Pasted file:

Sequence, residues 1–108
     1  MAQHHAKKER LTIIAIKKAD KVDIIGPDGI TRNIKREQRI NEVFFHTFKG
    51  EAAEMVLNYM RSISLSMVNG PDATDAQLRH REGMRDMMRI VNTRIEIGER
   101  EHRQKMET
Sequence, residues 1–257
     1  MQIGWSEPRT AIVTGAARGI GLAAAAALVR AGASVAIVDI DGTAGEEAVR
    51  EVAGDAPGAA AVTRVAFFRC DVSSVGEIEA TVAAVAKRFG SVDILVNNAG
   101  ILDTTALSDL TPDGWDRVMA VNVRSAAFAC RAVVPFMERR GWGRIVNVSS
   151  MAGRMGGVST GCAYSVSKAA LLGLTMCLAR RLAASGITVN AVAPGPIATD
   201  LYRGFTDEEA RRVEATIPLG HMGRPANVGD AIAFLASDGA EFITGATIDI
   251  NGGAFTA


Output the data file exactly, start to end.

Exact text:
Sequence, residues 1–108
     1  MAQHHAKKER LTIIAIKKAD KVDIIGPDGI TRNIKREQRI NEVFFHTFKG
    51  EAAEMVLNYM RSISLSMVNG PDATDAQLRH REGMRDMMRI VNTRIEIGER
   101  EHRQKMET
Sequence, residues 1–257
     1  MQIGWSEPRT AIVTGAARGI GLAAAAALVR AGASVAIVDI DGTAGEEAVR
    51  EVAGDAPGAA AVTRVAFFRC DVSSVGEIEA TVAAVAKRFG SVDILVNNAG
   101  ILDTTALSDL TPDGWDRVMA VNVRSAAFAC RAVVPFMERR GWGRIVNVSS
   151  MAGRMGGVST GCAYSVSKAA LLGLTMCLAR RLAASGITVN AVAPGPIATD
   201  LYRGFTDEEA RRVEATIPLG HMGRPANVGD AIAFLASDGA EFITGATIDI
   251  NGGAFTA